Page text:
Rack Out with These Top 10 Tips for Better, Deeper Sleep!

Good sleep habits, also referred to as "sleep hygiene" can make all the difference when the goal is to recover and perform at your highest the next day with little to no grogginess. Your actions during the day and what you eat, especially the hour before bed, can contribute to a peaceful sleep or a night of restless tossing and turning.

Getting adequate sleep is beneficial for memory consolidation and muscle/tissue recovery and can prevent a wide range of disorders such as hypertension, obesity, type-2 diabetes, cardiovascular disease, mood disorders, dementia, to name a few.

Check out these top 10 tips for better, deeper sleep! (Note: I am not a physician and will not be held liable for medical decisions you make. Consult with your primary care physician before changing your dietary/supplemental regime to ensure you are safe and healthy.)

TIP #1 - Limit Your Bed for Sleep/Sex Only

I love my room and bed as much as anyone, but according to the literature, keeping cozy in your personal space and doing more than just sleep and sex (if you're lucky enough) can actually have a negative affect on your sleeping.

By moving our morning reading or movie watching ventures into another room and isolating our bedroom/beds for sleep and sex we actually begin to condition our brain that once we do hit the bed, it's time to relax. Stanford Health Care talks about cognitive behavioral therapy for insomnia (CBTI), specifically reducing sleep-interfering arousal/activation and is worth talking to your physician about. 

Specifically the CBTI changes the mindset from "trying to fall asleep" to "allowing yourself to sleep" or simply changing your focus to something more relaxing than worrisome. In doing this remember you don't want to give yourself a reason to stay awake, but do some of these tasks to help relax if you are not already.

Simple ways to achieve this include some of the following: writing down your thoughts in a journal, creating a to-do list for the next day so you aren't worrying subconsciously about forgetting tasks, meditate, listen to calming music. Avoid: eating, exercising, worrying, doing work-related tasks, using the computer or surfing social media on your phone.

TIP #2 - Set a Cool Temperature in the Room

We love my house being around 66-69-degrees Fahrenheit during the night, I just sleep so much better. According to the National Sleep Foundation (NSF), there is science to back this up. 

The NSF suggests keeping your thermostat between 60 and 67 degrees Fahrenheit for optimal sleep. When trying to sleep, our bodies naturally attempt to lower our body temperature and the thermostat can help this along if set accordingly.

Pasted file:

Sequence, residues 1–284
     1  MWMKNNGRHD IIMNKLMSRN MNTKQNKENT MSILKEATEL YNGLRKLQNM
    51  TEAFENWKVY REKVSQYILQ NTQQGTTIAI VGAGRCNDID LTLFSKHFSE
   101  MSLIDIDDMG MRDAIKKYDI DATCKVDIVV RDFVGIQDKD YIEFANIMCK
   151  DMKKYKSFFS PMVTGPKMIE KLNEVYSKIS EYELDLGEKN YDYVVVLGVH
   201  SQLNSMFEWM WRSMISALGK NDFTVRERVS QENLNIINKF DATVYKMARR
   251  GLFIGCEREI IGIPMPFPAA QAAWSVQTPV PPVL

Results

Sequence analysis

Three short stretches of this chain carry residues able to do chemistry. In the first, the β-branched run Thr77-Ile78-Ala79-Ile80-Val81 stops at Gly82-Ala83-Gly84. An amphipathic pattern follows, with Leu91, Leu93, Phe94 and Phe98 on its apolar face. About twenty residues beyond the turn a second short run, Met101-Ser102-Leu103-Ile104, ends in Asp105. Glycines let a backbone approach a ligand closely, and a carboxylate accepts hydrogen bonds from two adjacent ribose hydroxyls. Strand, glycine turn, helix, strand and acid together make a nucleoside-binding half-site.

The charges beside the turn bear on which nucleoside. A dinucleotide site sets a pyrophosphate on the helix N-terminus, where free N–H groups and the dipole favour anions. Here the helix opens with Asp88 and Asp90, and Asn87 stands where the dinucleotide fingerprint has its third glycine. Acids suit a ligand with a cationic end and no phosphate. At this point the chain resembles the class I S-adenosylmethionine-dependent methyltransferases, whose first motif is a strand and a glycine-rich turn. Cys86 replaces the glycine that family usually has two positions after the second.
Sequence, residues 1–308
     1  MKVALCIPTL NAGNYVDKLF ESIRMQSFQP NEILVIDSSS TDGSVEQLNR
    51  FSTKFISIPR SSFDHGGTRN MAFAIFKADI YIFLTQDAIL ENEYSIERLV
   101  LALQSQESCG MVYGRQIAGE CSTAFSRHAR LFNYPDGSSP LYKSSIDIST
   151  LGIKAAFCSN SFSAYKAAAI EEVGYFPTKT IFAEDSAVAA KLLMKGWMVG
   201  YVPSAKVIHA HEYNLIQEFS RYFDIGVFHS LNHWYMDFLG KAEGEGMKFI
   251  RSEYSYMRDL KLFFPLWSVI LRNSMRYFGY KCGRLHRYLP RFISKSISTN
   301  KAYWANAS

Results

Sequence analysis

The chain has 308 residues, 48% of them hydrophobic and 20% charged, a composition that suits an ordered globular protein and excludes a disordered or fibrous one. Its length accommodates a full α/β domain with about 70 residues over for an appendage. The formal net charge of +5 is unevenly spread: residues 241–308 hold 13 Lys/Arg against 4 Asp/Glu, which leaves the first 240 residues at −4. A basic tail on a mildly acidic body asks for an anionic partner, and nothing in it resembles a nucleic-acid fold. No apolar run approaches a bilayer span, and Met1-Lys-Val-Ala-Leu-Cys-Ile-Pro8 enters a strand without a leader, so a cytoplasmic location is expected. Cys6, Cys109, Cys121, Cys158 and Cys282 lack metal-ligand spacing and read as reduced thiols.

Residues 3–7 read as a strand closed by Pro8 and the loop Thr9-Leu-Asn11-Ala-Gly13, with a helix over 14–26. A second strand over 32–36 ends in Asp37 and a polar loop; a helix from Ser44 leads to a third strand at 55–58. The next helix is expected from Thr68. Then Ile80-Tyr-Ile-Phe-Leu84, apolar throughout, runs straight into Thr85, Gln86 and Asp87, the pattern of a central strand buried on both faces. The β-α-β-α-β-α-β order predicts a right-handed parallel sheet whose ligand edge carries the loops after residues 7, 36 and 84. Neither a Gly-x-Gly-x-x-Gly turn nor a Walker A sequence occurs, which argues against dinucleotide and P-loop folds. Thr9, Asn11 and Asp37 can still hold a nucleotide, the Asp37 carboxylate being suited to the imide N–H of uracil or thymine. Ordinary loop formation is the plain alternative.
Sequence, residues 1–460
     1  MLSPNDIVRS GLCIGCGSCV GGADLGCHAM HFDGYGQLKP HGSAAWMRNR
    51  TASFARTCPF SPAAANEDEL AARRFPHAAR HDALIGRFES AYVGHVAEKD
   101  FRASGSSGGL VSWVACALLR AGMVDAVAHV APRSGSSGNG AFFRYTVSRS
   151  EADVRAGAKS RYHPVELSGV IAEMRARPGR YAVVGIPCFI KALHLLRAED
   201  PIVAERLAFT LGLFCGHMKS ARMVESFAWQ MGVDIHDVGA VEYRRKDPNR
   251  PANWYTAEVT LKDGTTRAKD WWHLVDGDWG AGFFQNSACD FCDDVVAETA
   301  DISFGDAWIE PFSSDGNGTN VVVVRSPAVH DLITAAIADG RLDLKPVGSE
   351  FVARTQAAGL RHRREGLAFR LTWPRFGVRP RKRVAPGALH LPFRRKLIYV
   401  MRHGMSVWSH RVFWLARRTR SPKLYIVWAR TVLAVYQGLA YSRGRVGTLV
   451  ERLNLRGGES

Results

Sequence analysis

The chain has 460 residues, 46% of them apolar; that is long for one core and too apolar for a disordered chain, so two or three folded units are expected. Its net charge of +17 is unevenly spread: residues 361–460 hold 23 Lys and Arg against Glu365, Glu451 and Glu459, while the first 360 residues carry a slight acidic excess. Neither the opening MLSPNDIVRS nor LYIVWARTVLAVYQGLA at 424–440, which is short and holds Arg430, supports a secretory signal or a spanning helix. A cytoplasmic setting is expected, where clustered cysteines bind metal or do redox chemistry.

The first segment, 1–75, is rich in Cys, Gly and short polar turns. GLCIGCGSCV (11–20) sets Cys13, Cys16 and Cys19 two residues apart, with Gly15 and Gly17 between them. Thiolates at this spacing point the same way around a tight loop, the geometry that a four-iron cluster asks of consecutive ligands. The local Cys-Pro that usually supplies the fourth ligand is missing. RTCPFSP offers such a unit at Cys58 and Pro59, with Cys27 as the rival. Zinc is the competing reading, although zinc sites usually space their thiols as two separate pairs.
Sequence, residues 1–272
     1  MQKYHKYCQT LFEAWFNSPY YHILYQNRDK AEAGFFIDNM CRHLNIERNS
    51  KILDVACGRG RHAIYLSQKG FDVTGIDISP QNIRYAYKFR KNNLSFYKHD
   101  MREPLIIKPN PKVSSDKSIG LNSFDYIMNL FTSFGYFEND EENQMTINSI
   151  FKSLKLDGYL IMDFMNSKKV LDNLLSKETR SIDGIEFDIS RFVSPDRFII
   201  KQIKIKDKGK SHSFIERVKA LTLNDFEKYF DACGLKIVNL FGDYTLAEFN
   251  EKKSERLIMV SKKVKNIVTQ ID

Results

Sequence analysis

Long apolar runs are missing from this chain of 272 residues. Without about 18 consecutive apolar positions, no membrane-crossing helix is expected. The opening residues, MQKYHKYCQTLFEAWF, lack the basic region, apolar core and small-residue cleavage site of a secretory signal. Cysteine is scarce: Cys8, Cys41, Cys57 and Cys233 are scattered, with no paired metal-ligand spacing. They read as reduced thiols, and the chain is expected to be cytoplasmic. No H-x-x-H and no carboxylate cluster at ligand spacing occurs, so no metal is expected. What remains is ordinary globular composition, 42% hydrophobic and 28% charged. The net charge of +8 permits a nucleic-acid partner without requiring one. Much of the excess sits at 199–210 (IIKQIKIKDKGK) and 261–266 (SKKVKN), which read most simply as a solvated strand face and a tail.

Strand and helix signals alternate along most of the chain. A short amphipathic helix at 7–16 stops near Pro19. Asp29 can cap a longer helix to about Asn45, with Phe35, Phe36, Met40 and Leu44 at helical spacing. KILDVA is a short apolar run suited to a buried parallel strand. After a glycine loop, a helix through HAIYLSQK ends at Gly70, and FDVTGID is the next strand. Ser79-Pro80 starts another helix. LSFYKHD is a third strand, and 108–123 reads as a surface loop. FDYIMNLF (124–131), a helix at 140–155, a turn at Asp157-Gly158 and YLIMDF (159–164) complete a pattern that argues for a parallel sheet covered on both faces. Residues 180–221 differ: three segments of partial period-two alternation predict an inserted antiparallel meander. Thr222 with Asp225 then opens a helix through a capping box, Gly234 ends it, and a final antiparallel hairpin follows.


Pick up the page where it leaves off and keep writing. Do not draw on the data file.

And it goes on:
TIP #3 - Create a Sleep Friendly Diet

The biggest take away for sleep friendly diets is to ensure you are eating less processed foods/grains/sugars and more natural foods/grains/fruits/vegetables. My minimizing the amount of processed foods you eat, you limit the amount of unnatural sugars that enter your body. When our body intakes excessive amounts of processed sugars, we often experience restlessness and difficulty falling/staying asleep.

Another sleep friendly diet tip is to limit caffeine to the first half of the day. Caffeine is great for increasing alertness on sluggish mornings or when you need a pick-me-up, but is not so great when the excitatory affects carry into our sleep cycle and make it hard for us to relax and fall asleep. A common glance over is with tea; I drink tea in the evenings to help me wind down or focus when studying/working, but make sure it is a caffeine free version of your lavender and chamomile to reap the benefits without any of the negative side effects of caffeine at night!

Lastly, eating meals when it is close to bed time can negatively affect our body's natural wind down process. Limit your last meal to 2-4 hours before it is time to sleep if able; additionally avoid alcohol, high processes sugars, high levels of carbohydrates, and heavily processed foods. If you are feeling like you need a snack, stick to something simple like a snack yogurt, some blueberries, or a protein shake. 

TIP #4 - Supplements That May Help You Relax

Supplements are all the rage with athletes and high performing individuals, but did you know they can help with sleep, too? Probably not the way you think but let's dive in. 

The most common supplements included in night time sleep aids/drinks include: 5-HTP (5-Hydroxytryptophan), l-Theanine, Magnesium, and Gamma-Aminobutyric Acid (GABA). Another common mixture is lavender oils or lavender and chamomile tea.  Lastly, it a Melatonin supplement itself, but if you go this route I recommend a low dose with sustained release enteric coating (EC). I'll briefly hit the benefits of each:

5-HTP: Helps produce more serotonin, which is the precursor to melatonin;
L-Theanine: Promotes relaxation by increasing inhibitory neurotransmitter (NTs) levels and limit overproduction of excitatory NTs; it limits cortisol levels which drives the onset of sleep;
Magnesium: Helps muscles relax and stabilizes mood as well as limits stress;
GABA: A major inhibitory neurotransmitter the brain preventing excitation of many neurons which helps promote sleep;